Effective as of May 1st, 2012, a revised Measure for Patent Marking published by the State Intellectual Property Office (“SIPO”) will replace the current measures that regulate how to mark a patented article.  

Patent marking on a patented article is not required under the China Patent Act because marking does not affect any judgment of willful infringement in China. Although Article 17 of the China Patent Act indicates that a patentee has the right to label a patented article or the package of said article with an indication of its patent, marking does not serve as a constructive notice in patent enforcement and therefore will not affect damage awards in a patent lawsuit. In other words, the liability of an infringer is not mitigated by the fact that an article is not marked as patented.

Even though marking is not compulsory, the perception is that patent marking acts to enhance the popularity of a product. As a result, many companies mark their patented articles with an indication of the patents associated therewith as a form of advertising. Under the revised measures, marking of a grant patent shall include the following contents:

  1. An indication of the type of the patent right in the Chinese language, namely whether the patent right is that associated with a Chinese invention patent, a Chinese utility model patent, or a Chinese design patent.
  2. A showing of the patent number granted by the SIPO.

If an article is produced using a patented method, and if it is ­desired to provide an indication of the method patent on the packaging or description of the article, a proper Chinese description shall be made along with the marking, indicating that the article is produced utilizing a patented method.

Lastly, marking before the grant of a patent is not allowed under the current measures. Nevertheless, it is not uncommon to see a vague term or slogan provided on an article, indicating that the article is associated with a patent. However, the truthfulness of the term or slogan is unknown to consumers. The revised measures will address such a phenomenon through the regulation of markings related to patent applications that are pending. Namely, after the revised measures go into effect, it will be necessary for any marking related to a patent before grant to clearly indicate the type of patent that has been applied for and the patent application number, and to provide an indication with the following phrase: “patent application filed, patent right not yet been granted.”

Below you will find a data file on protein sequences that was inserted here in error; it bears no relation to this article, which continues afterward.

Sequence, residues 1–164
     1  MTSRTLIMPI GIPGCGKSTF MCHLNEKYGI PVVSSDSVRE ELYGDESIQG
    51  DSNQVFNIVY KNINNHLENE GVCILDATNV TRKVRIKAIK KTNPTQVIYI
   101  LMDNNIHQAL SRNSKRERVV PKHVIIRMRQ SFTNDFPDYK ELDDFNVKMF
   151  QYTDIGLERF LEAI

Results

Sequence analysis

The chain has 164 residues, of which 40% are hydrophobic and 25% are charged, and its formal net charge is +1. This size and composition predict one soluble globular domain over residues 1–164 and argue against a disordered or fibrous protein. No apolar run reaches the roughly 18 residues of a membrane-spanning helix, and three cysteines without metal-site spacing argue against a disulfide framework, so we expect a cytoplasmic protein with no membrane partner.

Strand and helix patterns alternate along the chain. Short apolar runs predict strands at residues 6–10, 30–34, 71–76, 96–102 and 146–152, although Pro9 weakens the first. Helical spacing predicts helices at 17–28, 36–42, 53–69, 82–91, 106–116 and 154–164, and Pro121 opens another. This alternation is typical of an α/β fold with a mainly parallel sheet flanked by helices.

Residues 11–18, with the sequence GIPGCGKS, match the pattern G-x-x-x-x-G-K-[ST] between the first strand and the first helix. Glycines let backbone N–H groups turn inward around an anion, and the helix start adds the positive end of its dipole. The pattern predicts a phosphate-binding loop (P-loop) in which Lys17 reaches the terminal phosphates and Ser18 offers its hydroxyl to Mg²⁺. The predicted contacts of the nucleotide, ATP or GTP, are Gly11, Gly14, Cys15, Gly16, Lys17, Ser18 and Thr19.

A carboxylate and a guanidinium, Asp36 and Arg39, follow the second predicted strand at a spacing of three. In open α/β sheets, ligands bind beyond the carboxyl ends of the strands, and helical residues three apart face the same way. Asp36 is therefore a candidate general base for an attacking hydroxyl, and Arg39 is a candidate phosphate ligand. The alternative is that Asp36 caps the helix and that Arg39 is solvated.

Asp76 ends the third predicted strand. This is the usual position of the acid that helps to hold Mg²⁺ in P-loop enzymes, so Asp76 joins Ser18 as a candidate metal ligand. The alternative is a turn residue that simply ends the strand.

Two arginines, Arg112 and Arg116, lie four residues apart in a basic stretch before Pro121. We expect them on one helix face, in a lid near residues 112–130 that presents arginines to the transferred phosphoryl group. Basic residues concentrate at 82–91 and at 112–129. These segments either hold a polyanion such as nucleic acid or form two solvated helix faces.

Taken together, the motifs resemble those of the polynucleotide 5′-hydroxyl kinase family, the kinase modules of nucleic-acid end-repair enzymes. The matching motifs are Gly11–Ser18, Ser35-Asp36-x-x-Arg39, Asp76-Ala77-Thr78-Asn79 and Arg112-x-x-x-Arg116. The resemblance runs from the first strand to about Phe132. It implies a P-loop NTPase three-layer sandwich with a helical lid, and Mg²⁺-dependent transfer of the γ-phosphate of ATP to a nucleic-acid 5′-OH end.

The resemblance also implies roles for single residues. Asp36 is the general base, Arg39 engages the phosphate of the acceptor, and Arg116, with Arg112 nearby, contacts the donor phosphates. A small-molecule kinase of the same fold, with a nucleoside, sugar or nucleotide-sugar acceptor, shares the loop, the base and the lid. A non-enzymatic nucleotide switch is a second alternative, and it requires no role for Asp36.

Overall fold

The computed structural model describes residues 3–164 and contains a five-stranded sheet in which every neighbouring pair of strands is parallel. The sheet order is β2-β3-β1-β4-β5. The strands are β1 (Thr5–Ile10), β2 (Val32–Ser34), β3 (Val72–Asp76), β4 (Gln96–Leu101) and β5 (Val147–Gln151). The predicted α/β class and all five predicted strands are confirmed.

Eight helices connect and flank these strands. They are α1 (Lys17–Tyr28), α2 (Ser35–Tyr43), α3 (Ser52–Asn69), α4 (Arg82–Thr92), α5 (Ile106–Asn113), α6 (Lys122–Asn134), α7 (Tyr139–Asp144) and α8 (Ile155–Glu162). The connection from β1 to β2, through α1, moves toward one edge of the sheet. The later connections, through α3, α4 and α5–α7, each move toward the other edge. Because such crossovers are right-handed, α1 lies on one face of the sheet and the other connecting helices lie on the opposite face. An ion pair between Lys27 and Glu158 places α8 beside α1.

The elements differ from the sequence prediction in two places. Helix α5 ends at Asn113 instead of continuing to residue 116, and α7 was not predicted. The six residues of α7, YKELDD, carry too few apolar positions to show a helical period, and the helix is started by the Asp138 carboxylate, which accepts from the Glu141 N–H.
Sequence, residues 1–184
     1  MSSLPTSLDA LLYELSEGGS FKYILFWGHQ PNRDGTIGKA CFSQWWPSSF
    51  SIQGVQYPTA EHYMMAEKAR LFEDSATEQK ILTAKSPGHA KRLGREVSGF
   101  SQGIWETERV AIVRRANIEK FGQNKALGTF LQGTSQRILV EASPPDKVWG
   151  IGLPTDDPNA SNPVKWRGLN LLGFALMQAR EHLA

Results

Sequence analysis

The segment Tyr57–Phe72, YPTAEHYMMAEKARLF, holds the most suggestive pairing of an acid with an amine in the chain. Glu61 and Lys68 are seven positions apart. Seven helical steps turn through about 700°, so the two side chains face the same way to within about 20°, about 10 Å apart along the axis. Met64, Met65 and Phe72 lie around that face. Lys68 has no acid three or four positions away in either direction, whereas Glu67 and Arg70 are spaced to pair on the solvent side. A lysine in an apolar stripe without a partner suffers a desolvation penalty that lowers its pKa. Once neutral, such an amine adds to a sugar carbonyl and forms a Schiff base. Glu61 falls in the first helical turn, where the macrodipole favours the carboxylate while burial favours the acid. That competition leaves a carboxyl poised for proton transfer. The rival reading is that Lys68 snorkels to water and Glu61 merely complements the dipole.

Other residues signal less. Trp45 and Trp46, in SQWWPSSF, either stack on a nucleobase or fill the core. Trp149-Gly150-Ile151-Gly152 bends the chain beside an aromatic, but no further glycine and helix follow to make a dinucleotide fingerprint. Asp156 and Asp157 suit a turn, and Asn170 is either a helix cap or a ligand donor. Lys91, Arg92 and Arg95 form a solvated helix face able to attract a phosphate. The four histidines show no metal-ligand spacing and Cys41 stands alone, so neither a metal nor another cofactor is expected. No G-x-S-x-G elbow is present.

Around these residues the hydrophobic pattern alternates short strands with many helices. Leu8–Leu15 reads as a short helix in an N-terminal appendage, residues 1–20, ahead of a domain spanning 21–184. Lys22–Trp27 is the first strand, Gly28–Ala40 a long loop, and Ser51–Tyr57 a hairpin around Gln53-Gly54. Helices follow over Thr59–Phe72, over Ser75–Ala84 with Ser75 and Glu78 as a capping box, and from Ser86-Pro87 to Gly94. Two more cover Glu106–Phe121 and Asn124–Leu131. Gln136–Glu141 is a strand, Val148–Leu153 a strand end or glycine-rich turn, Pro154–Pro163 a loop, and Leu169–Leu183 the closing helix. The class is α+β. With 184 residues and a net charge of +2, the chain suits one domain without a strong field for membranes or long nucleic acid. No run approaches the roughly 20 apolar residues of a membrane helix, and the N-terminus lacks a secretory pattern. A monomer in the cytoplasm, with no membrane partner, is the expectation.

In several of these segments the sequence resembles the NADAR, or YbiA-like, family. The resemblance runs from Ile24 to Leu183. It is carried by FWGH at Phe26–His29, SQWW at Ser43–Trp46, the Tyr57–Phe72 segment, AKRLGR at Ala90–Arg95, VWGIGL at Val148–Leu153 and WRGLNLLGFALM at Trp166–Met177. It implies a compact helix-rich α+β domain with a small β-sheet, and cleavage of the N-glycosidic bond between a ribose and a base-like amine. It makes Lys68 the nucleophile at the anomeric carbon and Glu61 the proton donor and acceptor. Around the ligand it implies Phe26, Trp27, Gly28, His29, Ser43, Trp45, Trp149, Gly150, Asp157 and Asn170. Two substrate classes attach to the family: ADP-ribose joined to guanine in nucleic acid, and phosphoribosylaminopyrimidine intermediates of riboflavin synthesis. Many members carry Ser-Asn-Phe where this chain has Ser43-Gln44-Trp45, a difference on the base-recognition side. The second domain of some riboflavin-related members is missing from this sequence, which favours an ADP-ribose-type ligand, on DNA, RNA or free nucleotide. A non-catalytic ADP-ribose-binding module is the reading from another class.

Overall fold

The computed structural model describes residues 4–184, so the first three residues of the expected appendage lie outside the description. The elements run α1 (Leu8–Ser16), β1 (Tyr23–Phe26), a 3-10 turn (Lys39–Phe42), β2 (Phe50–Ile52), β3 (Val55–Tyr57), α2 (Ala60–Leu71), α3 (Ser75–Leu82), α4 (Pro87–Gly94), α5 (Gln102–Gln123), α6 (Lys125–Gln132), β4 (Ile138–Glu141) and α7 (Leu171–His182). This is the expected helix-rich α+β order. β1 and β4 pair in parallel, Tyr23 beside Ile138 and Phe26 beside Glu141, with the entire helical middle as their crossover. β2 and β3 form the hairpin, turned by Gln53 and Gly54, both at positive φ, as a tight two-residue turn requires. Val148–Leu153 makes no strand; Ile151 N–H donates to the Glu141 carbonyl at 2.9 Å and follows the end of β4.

As mentioned above, if a patentee would like to mark an article with an indication of a patent, the marking should comply with the measures stipulated by the SIPO. Failure to comply with the rules will result in the local patent administrative authorities ordering a correction or a fine of up to 200,000 yuan. If it is determined that a patentee has committed a false marking offense, he or she shall be subject to criminal liability.

In comparison with the situation in Taiwan, the current Taiwan Patent Act encourages patent marking by stipulating that, “[i]n case of failure to affix such marking, no claim for damages shall be allowed,” unless the infringer had known or should have known of the patent. However, in practice, when no patent marking is provided on an infringed article, courts are split as to whether they should presume that (a) the infringer has no liability or that (b) the patentee has no standing for a damage claim.

Article 98 of the amended Taiwan Patent Act, which is to be enforced in January 2013, deletes the disputed provision from the current law and further clarifies that:

“Where no patent marking is made, evidence shall be produced when claiming damages to prove that the infringer had knowledge or may have had knowledge with respect to the fact that said article is under patent protection.”

In other words, patent marking makes proving that an infringer had a purposeful intent an easier proposition. In the case where it is not feasible to mark a patented article or packaging, the patentee bears the burden of proving intent in patent infringement.

Also, under the current Taiwan patent law, a willful infringer may be required to compensate a patentee up to three times the damages; however, such punitive damage awards have been abolished from the amended Patent Act. In the near future, only when an infringer is found purposeful or negligent will a patentee be awarded damages.